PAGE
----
The importance of non-verbal cues in infants

Jaimie Bloch

Jaimie Bloch

Jaimie Bloch is a leading child and family Clinical Psychologist and the Director of MindMovers Psychology. Jaimie uses her flair for creativity to encompass both holistic and evidence-based approaches that are simple to understand, practical and easily implemented. Jaimie is an expert in developing programs and psychological materials for schools, corporations,...
Updated on Jun 14, 2024 · 3 mins read
The importance of non-verbal cues in infants

Communication is an intricate process. We read people by understanding not only their verbal cues but their non-verbal cues too. Non-verbal communication includes facial expressions, body language, voice tone and body movements.

A lot of interpersonal relationships are highly dependent on people understanding these types of emotional cues. This is no truer than for a relationship between a caregiver and their baby or toddler. Prior to the development of language, research has shown that babies are highly attuned to a care-giver’s non-verbal forms of communication. In fact, research has found that from as early as 5 months old, babies are already beginning to develop and use facial processing parts of the brain. Other forms of non-verbal cues that are important to babies are:

  • Eye contact
  • Light touches, tickles and pats
  • Cuddles
  • Vocal tone
  • Body posture and appearance of care-givers

As a parent, it is important for us to be aware of our own non-verbal cues and what messages we are sending when connecting with our babies and toddlers. Being a caregiver to a baby can be extremely stressful at times, therefore it’s important to be consciously aware of what message we are wanting to send to our baby about us and the world around us.

Equally, we must be very attuned and connected to our baby’s non-verbal cues and learn to understand their unique signals, messages and what they are needing. It is a mistake to think just because babies are not talking yet that they don’t understand the world around them. Infants are constantly communicating and in turn continually learning about the world and the people around them. For instance, when a light is too bright our baby turns their face away from it. This is our baby signalling they are overwhelmed, or they have had enough and no longer want to be in the light.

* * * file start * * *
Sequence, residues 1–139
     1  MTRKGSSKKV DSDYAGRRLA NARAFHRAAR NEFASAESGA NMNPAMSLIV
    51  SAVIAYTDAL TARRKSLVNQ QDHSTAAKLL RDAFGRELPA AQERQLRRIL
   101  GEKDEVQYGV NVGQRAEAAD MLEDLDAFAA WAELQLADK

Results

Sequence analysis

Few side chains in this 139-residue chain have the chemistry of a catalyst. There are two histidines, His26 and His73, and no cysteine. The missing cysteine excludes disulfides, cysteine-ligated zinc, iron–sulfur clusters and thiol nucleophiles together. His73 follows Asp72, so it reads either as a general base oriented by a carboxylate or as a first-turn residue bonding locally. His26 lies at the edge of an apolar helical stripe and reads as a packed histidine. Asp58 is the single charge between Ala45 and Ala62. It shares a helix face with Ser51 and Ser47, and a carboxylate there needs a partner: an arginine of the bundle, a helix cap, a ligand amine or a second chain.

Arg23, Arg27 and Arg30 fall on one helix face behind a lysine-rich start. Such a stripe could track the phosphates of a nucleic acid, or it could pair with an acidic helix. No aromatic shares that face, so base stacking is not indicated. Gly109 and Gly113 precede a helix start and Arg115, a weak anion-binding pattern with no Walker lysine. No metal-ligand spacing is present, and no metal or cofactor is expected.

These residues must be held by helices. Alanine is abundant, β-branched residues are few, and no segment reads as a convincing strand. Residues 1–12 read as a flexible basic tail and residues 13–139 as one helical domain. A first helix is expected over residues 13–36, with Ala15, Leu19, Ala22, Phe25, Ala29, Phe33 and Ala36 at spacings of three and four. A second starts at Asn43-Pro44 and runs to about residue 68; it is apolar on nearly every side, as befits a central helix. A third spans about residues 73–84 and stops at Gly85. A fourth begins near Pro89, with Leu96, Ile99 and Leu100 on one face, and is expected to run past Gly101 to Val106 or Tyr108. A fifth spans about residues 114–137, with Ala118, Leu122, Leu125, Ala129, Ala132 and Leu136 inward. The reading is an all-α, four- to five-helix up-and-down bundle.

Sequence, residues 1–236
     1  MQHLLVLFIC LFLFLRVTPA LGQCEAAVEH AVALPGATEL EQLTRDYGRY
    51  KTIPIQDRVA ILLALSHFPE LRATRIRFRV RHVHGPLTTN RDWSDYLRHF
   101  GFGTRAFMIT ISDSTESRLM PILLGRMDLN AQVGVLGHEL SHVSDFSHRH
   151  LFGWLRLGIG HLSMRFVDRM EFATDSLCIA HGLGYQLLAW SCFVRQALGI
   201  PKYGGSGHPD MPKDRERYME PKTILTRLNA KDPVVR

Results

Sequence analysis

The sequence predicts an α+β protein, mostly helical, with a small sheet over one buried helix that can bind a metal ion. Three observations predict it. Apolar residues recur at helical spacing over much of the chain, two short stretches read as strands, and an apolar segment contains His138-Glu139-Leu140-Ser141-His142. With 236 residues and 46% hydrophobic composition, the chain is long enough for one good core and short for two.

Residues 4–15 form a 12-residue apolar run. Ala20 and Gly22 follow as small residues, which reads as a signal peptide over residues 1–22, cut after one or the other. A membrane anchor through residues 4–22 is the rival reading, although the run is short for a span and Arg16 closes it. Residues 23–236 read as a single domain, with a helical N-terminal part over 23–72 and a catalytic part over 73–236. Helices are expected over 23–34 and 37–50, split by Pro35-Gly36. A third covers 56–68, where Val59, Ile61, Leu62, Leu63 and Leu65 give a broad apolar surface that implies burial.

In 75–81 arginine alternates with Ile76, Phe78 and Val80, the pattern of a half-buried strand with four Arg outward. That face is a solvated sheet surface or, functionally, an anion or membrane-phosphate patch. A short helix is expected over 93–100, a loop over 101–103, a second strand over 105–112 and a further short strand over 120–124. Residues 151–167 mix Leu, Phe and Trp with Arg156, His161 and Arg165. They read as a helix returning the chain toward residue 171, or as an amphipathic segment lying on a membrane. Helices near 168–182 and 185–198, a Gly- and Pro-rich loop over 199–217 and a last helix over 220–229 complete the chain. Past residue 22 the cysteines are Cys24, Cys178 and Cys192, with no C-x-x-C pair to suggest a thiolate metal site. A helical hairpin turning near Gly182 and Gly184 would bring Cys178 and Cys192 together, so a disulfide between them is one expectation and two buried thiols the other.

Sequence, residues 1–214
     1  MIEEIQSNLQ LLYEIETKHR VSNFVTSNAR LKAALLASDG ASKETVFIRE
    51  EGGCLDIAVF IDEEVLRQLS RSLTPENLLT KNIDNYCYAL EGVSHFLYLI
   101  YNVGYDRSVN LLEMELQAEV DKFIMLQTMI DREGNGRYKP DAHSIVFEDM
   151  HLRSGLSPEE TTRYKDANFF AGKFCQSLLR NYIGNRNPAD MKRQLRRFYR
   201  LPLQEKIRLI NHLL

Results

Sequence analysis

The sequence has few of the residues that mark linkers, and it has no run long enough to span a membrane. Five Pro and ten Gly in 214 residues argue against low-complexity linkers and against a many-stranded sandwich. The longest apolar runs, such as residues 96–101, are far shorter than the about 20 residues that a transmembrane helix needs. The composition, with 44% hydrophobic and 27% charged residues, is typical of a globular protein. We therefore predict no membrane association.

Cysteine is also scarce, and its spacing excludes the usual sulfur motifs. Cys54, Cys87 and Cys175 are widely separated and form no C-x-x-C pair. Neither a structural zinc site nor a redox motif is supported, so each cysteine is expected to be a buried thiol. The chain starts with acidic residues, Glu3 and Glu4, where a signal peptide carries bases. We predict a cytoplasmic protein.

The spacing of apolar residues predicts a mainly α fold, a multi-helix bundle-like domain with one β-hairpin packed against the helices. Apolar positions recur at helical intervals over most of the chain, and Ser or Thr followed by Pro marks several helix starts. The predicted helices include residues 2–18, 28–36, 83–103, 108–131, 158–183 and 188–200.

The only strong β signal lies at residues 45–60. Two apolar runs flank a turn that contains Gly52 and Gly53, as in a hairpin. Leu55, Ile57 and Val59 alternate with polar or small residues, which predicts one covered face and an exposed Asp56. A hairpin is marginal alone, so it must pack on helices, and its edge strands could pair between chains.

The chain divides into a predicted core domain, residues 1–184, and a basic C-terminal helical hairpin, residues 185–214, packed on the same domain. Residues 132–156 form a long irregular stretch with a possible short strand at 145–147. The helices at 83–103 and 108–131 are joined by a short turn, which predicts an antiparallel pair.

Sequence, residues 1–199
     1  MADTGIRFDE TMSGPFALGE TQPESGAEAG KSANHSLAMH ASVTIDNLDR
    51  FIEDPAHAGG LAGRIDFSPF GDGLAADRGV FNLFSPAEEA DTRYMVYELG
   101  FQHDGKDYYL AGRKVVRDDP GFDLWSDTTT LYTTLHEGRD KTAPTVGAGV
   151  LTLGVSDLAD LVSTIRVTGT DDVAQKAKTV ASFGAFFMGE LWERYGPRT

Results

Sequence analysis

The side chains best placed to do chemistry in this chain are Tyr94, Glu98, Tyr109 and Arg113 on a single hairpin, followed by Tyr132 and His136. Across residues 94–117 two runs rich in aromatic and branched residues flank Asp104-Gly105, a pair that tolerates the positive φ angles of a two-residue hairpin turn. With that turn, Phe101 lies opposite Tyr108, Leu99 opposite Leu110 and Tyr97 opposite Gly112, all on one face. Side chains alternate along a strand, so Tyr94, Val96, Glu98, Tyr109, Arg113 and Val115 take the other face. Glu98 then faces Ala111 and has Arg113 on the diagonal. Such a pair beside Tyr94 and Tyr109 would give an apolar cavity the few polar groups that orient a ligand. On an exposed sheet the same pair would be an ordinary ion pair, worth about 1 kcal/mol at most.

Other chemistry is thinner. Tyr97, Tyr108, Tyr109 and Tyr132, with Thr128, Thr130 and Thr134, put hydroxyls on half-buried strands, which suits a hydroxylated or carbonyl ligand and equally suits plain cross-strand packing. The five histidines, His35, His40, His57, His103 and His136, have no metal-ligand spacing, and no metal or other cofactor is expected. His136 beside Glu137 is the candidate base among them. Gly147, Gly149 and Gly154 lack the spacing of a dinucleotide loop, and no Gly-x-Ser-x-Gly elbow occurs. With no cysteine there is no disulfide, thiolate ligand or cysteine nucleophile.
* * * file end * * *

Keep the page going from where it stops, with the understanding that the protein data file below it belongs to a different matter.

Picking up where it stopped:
Each infant and child is unique and therefore one response in one baby will mean another in another baby. For example, grabbing and squeezing for one infant may mean playtime, whilst in another, it could be a stress response. As a parent, we want to become connected and aware of the unique response in our own baby. What can parents do to be more aware and utilise the non-verbal connection from an early age:

1. Be aware of tone of voice: match and respond.

Attuning to a baby’s emotions is an important non-verbal tool we can use to deepen bonds, and support our infants feeling safe and loved. The easiest way to do this is through our tone. For example, if a baby is distressed and crying, matching this with our tone would be to use a soothing and sympathetic tone of voice, versus an overly-excited cheerful tone.

2. Eye-contact and positive/neutral facial expressions

A huge part of communication is sight, and eye-contact. It is really important to meet your child’s gaze when talking to them and engaging them in various activities, like bath-time, tummy-time, feeding and sleeping routines. As adults, we thrive on face-to-face communication and connection and this is no different to a child or infant.

3. Touch

In the first year of an infant’s life, they are heavily reliant on both touch and smell to understand the world and process their environment. Gentle soft-touch releases endorphins and oxytocin in a child.

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